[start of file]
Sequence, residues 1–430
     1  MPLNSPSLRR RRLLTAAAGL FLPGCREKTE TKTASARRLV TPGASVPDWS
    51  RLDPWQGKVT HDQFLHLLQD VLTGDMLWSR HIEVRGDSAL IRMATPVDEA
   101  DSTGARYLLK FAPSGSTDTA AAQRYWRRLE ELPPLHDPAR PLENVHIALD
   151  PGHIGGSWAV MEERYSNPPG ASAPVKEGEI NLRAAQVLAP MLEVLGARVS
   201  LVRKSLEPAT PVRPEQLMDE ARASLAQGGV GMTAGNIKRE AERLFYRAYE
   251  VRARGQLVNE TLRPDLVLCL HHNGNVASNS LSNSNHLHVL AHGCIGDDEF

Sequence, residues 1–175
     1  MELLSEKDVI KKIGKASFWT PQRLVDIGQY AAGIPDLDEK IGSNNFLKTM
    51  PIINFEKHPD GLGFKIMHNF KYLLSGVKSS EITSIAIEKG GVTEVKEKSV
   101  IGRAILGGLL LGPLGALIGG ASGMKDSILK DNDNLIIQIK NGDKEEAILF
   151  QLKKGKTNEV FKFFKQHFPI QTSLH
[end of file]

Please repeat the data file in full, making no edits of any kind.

Sequence, residues 1–430
     1  MPLNSPSLRR RRLLTAAAGL FLPGCREKTE TKTASARRLV TPGASVPDWS
    51  RLDPWQGKVT HDQFLHLLQD VLTGDMLWSR HIEVRGDSAL IRMATPVDEA
   101  DSTGARYLLK FAPSGSTDTA AAQRYWRRLE ELPPLHDPAR PLENVHIALD
   151  PGHIGGSWAV MEERYSNPPG ASAPVKEGEI NLRAAQVLAP MLEVLGARVS
   201  LVRKSLEPAT PVRPEQLMDE ARASLAQGGV GMTAGNIKRE AERLFYRAYE
   251  VRARGQLVNE TLRPDLVLCL HHNGNVASNS LSNSNHLHVL AHGCIGDDEF

Sequence, residues 1–175
     1  MELLSEKDVI KKIGKASFWT PQRLVDIGQY AAGIPDLDEK IGSNNFLKTM
    51  PIINFEKHPD GLGFKIMHNF KYLLSGVKSS EITSIAIEKG GVTEVKEKSV
   101  IGRAILGGLL LGPLGALIGG ASGMKDSILK DNDNLIIQIK NGDKEEAILF
   151  QLKKGKTNEV FKFFKQHFPI QTSLH